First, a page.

The idea of a DAIS started in 2013, with a virtual session among the EnCompass evaluation team engaged in an evaluation of the USAID Program Cycle to discern and articulate clear findings from our large mixed methods dataset. By 2014, we had developed a somewhat standardized process, which we have continued to tweak and adapt. Over the years, we have used the DAIS approach for in-person, virtual, and blended virtual/in-person sessions. We have used it for large and small evaluations and evaluations with data derived from a single methodology or complex mixed method data collection efforts.

To go from data analysis to a meaningful evaluation report that tells the right story, we divide the process into three phases: preparation, the DAIS session itself, and preparing the report process. In the simplest terms:

  1. Preparation: Evaluation team members develop data analysis summaries. Data analysis summaries consist of short emerging theme statements derived from the data and a summary of the data used to develop the statement. Often, we have dozens of emerging theme statements to consider during a DAIS workshop.
  2. DAIS workshop: Emerging theme statements are placed on cards. We discuss them and look for affinity to develop initial findings. A finding is typically supported by several emerging theme statements, often from different data streams. During the DAIS, we also brainstorm conclusions and recommendations based on the initial findings, ensuring that all conclusions and recommendations are supported by evidence. In some cases, we co-create recommendations with the key evaluation audience.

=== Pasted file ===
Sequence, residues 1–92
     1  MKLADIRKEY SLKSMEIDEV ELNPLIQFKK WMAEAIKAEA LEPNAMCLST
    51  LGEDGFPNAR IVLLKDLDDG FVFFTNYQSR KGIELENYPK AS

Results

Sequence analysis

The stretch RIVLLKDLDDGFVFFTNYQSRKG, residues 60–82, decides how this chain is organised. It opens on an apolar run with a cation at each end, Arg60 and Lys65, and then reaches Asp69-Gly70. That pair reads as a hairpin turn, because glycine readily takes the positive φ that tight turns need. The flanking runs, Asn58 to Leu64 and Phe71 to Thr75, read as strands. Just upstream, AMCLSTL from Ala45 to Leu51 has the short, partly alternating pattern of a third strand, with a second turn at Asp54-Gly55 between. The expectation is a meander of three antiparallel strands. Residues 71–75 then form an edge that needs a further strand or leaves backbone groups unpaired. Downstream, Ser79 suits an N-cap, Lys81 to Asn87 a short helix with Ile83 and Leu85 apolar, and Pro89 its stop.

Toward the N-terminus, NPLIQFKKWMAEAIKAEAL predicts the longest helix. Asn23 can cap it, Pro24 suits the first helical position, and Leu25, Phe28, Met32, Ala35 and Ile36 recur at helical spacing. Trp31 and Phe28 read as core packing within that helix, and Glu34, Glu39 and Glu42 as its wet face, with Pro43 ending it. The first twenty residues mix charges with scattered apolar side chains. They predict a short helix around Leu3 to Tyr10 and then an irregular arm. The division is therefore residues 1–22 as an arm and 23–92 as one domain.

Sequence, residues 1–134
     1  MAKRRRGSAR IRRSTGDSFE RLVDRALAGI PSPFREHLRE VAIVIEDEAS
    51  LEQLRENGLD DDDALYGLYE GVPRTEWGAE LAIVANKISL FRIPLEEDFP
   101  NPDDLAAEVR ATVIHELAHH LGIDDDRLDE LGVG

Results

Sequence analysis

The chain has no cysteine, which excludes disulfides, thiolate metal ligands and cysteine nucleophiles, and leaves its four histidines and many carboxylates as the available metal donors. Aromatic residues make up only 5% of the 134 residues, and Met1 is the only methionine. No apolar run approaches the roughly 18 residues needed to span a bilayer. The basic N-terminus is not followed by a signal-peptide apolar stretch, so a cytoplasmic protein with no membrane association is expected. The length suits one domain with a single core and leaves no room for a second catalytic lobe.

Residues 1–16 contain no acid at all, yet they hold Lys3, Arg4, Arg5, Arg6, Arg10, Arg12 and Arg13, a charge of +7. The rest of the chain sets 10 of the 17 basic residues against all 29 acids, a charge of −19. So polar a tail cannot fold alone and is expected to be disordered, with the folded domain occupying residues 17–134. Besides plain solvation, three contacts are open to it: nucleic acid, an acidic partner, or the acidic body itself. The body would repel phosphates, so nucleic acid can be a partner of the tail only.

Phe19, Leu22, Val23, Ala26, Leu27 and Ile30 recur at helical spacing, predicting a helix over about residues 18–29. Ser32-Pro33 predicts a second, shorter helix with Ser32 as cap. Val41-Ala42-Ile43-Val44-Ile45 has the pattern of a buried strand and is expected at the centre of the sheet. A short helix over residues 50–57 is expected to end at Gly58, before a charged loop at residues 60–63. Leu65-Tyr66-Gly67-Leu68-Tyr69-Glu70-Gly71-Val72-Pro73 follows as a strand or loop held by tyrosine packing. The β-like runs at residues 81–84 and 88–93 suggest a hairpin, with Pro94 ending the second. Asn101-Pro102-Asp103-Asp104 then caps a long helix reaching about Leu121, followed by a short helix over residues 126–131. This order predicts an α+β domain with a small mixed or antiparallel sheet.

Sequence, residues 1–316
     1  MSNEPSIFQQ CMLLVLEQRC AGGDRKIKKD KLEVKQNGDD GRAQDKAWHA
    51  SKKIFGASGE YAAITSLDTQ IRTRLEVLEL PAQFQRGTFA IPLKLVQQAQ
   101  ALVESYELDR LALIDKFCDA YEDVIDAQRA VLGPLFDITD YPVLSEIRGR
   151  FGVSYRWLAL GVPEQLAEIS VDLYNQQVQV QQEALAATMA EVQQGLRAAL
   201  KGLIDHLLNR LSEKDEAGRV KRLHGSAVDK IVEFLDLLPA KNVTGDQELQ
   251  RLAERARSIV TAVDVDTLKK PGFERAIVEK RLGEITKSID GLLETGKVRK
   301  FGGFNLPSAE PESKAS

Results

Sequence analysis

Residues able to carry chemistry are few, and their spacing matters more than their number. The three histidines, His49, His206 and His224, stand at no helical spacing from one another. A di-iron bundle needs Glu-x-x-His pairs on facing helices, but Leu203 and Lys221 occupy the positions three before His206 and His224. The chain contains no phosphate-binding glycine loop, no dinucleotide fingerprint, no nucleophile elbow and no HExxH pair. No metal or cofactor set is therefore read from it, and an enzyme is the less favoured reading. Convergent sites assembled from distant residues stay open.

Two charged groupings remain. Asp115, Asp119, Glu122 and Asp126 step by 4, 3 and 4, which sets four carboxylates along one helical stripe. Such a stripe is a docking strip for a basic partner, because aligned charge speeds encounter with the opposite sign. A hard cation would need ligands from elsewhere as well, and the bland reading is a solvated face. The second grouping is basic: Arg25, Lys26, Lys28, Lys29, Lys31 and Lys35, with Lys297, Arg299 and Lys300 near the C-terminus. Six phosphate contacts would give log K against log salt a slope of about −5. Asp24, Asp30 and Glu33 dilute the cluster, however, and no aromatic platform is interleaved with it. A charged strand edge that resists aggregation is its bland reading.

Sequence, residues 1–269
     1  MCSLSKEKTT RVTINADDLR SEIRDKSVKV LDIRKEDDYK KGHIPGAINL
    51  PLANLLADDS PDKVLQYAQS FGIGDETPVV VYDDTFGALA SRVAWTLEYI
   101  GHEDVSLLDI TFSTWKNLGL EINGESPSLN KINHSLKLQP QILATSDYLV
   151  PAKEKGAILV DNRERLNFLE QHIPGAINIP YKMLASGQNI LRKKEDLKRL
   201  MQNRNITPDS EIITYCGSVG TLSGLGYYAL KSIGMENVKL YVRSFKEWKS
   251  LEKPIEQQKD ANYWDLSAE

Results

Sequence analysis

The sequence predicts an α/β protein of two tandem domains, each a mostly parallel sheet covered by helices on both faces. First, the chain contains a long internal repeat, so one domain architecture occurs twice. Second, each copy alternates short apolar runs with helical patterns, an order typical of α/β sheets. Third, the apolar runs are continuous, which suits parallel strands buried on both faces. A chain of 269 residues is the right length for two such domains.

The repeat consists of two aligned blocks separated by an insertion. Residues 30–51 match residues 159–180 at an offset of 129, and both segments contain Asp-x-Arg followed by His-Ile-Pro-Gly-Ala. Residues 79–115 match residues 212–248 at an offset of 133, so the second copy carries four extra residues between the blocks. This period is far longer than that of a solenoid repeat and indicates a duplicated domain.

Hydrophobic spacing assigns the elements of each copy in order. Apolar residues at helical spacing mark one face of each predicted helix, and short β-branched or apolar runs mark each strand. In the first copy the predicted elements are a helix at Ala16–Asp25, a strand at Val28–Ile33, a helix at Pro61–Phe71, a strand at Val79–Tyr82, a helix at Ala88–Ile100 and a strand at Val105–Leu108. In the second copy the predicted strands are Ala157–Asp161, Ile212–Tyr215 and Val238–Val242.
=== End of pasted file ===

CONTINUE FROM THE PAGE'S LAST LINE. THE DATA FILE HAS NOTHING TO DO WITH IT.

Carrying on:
3. Preparing the report process: We determine the narrative arc for the report, develop a report outline based on the DAIS workshop outputs, make writing assignments, and establish a timeline to complete the report.

The timeline for the full DAIS process depends on the complexity of the evaluation, the number of different methods, the amount of data collected, and the vision of the final deliverable(s). We have found that this participatory process provides our evaluation teams and, ultimately, our clients with confidence in the findings, conclusions, and recommendations that arise.